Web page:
Treated myself to a trip to the cinema yesterday, to watch the British horror film The Children. It was playing at the Empire Leicester Square, a cinema that boasts my favourite auditorium – the huge Empire 1, which has a fab, subtle lightshow before the programme starts.

The Children, being a lesser release, was in Empire 3, a pokey little auditorium up some stairs. The size wasn’t the problem though. Everyone shuffled in and found seats in the dark, with only the bright green glow of the Exit sign and the light from the adverts playing on the screen to light the way. This darkness was perfect for watching images on the screen, but not ideal for finding seats before the main feature had even started. Then when the feature did start, the lights suddenly went up, so much so that I could see reflections glinting on the bald head of a chap two rows in front. It was rubbish. Especially for a horror film.

A lot of others shuffled and grumbled, but being Brits no one got up to ask about it. One chap might have done, but still nothing was done about the lights, so I went and asked. I met a chap on the stairs who stuck his head and said “No, they’re the safety lights.” Eh? Safety lights now have to be so bright that they reflect on the screen and dull the image? That defeats the object of the cinema experience, where the illumination comes from the image on the screen, and any other light source is a distraction, be it a bright green Exit sign too close to the screen or the light pen of a tiresome numbskull journalist who never mastered the skill of taking notes in the dark.

I toyed with the idea of leaving, but the film was gripping. Indeed, The Children, along with Eden Lake, has raised the torch for quality British horror high for 2008.

Afterwards, the same guy from my row was asking what was wrong with the lights at the ticket counter, so I joined in too. The woman was joined by the guy I’d spoken to before, who may well have been the manager. He said the lighting should have been on similarly during the adverts, because it was required safety lighting. He explained that Westminster Council’s fire officer had recently been round and said all the lighting needed to be increased. So great, Britain’s disproportionate, nannying health and safety culture is now buggering up the cinema experience too. Westerminster is particularly pedantic, one of the worst governing bodies when it comes to health and safety, so this may well mean all cinema experiences in central London are now ruined.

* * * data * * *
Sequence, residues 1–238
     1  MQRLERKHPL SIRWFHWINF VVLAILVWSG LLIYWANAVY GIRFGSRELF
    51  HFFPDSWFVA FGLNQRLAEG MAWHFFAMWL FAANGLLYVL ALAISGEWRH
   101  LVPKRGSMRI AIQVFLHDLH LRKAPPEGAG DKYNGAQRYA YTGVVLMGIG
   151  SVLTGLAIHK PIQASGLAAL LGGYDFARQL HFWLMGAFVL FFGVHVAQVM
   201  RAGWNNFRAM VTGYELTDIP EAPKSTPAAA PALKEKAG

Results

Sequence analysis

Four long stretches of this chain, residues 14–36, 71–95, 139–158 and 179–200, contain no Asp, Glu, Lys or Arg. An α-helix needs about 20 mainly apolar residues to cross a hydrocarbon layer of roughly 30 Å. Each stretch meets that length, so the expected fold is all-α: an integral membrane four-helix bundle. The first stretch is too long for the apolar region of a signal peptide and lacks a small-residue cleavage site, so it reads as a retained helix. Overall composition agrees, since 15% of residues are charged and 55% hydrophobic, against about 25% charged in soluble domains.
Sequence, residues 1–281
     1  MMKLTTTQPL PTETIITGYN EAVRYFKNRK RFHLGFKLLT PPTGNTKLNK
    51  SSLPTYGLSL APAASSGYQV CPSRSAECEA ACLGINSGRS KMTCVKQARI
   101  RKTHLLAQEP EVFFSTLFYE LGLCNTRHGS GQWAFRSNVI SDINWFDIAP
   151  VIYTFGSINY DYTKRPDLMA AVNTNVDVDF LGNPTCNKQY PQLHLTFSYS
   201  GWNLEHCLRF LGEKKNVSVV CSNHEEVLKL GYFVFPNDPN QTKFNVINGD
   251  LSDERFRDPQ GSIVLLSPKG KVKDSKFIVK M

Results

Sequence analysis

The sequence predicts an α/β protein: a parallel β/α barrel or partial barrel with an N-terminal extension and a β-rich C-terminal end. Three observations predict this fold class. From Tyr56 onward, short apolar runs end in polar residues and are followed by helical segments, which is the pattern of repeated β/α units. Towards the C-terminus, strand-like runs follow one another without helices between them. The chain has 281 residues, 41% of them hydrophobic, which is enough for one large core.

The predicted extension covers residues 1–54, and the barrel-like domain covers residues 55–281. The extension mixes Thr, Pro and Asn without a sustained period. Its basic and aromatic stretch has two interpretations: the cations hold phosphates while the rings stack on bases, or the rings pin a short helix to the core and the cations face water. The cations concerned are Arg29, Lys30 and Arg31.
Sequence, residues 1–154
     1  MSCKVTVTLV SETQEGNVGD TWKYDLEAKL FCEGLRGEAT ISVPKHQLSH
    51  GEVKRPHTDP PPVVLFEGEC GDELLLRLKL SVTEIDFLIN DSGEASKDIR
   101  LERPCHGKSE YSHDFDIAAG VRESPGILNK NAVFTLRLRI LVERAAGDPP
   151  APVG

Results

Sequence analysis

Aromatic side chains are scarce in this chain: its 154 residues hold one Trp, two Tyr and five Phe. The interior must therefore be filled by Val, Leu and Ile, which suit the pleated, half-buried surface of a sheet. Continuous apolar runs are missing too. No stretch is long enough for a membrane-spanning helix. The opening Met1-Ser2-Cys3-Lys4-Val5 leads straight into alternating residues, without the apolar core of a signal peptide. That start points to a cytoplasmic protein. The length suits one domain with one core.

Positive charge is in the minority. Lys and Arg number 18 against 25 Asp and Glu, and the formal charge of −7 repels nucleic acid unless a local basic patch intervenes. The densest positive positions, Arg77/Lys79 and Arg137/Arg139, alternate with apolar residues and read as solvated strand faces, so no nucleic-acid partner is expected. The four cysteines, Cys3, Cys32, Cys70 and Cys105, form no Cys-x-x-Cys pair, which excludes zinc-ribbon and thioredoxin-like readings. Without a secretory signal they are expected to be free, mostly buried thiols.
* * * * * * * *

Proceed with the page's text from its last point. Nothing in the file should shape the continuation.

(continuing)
Now, any sensible, logical person knows that putting a sign up by the ditch saying “Beware, ditch” won’t stop people occasionally tripping into that ditch. Accidents happen, full stop. They’re freak, fluke, matters of chance. Legislation cannot prevent accidents happening. In a cinema auditorium, the bright green light of the emergency exit sign is highly visble, even if you have poorer eyesight. And indeed, if you do have poorer eyesight, presumably you’ll be wearing your contacts or glasses if you’ve gone to watch a film. Insisting on bright ambient light during the main feature – the bit you’re paying for – in a cinema is only going to ruin the experience. The manager guy did say they were hoping the redevelop that Empire 3, but if Westminster now insists on X candela that probably won’t help.

These days, many people have big TVs and can control the light levels in their own homes – where thankfully, a health and safety officer can’t knock on your door and tell you to turn on your lights. If people have this option at home, more and more will stay away from cinemas that are themselves now legally required to bugger up the light levels in auditoria and ruin the fundaments of the experience. If, like me, you love going to seee movies in a cinema, where that beam of light is projected over your head onto a screen that by and large is still bigger than most TVs (and certainly our old CRT), creating that unique atmosphere that’s intoxicated punters for more than a century, this is a tragedy.